The other side of that coin is that those who do hold His sacred Word often become so familiar with those mysteries of God that we approach them like looking at our watches or like we’re approaching a fast food counter, paying little attention until we’re challenged by someone asking why we do this or that, and we suddenly find we are also looking for more than, “It’s a mystery of God” as an answer because, well, that just isn’t enough.
But with the Ascension of our Lord, we really don’t find very much false teaching. It’s just sort of there in the Creed, quickly said, often without much thought and then forgotten. I mean, when was the last time that you had a discussion with anyone about the mystery of Christ’s Ascension? Christ being taken up in glory just doesn’t come up very often, not even in my world.
When it does, however, we may find the reason we don’t think about it is that, with the Ascension, we’re forced to face the tension that exists between living by faith and living by sight. Maybe that’s why so many churches have stopped having Ascension services. That is, on this day we come face to face with the tension that exists between reason and faith, that place where things just don’t make sense.
I mean, Jesus ascends into heaven, but is always with us. His is seated at the right hand of God, but is also present with His very body and blood in His Supper. Jesus left us so that we can be sure He is with us. And while we believe it all, none of it makes sense … not even to us.
You see we’re simply not able, in and of ourselves, to speak of the Ascension or any other of the mysteries of God with words other than the words He’s given us in the Scriptures. And that always brings us back to the Cross, where we are reminded that because of the things we hide in our hearts, we need what God freely offers in Christ. And by God’s grace through faith, we have it, but as St. Paul reminds us, “we have this treasure in jars of clay to show that this all-surpassing power is from God and not from us.”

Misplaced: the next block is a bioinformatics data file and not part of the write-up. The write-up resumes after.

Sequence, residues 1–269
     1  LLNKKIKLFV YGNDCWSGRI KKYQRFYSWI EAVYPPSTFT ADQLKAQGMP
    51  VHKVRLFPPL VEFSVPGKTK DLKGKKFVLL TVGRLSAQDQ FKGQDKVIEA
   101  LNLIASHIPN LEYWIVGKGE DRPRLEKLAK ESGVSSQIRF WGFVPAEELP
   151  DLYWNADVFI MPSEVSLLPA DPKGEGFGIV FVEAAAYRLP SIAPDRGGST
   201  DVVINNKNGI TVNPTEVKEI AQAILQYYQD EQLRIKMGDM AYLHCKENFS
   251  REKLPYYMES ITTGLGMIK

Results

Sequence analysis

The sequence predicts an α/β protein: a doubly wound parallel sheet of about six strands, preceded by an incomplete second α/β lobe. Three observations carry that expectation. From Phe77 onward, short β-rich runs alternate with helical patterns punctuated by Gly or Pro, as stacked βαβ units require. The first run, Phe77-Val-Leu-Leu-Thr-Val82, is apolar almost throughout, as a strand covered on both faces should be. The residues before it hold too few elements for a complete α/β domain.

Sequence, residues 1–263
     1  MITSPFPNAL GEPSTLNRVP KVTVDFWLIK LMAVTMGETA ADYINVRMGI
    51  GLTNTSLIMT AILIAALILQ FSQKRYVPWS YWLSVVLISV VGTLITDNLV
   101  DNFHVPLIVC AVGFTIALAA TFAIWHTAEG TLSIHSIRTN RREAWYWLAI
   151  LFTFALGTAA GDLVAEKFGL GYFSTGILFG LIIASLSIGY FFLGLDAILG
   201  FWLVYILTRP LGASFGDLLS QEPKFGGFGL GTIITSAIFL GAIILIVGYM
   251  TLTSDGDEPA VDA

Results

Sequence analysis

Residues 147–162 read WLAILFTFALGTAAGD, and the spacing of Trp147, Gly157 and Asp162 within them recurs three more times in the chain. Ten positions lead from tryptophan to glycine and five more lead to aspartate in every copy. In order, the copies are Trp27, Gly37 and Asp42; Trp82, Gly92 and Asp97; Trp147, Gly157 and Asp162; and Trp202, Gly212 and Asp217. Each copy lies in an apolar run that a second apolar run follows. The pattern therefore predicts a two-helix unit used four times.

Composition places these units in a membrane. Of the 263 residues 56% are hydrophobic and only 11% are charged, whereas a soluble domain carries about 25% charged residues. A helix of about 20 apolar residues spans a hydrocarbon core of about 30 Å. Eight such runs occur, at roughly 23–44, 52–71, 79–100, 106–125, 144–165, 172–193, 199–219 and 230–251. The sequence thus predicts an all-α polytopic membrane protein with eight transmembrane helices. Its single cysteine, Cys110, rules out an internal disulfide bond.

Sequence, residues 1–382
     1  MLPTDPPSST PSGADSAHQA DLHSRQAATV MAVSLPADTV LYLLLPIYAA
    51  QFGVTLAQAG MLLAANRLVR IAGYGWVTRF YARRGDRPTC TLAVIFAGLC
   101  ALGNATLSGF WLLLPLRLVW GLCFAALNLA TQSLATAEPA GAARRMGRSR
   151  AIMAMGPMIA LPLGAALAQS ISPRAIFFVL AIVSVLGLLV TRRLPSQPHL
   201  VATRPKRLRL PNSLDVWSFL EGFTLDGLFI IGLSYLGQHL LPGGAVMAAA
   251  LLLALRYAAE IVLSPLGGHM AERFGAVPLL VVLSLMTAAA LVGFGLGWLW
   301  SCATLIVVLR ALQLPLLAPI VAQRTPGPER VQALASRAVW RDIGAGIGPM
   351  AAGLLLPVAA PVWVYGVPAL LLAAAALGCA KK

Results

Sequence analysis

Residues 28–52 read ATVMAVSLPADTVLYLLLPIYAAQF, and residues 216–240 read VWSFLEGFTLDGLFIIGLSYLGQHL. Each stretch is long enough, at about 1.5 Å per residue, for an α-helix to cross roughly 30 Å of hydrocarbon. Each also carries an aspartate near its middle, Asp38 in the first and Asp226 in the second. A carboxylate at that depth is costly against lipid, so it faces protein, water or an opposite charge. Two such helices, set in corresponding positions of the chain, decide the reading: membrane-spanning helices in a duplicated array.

He understands how hard it is to live by faith as he writes, “We are hard pressed on every side, but not crushed; perplexed, but not in despair; persecuted, but not abandoned; struck down, but not destroyed. We always carry around in our body the death of Jesus, so that the life of Jesus may also be revealed in our body. For we who are alive are always being given over to death for Jesus' sake, so that his life may be revealed in our mortal body.”
Yes, in the mystery of the Ascension we are often left with more questions than answers, and we see that sin is still alive in us by the fact that we do want, or at least would like, those answers. But, as Paul writes to the Corinthians, “For no matter how many promises God has made, they are ‘Yes’ in Christ.”
My friends, while we may not understand, we do, by God’s grace, believe. And so our hope is found not in what we see, but in what we have heard from the One who loves us and gave Himself for us that we might be His Own.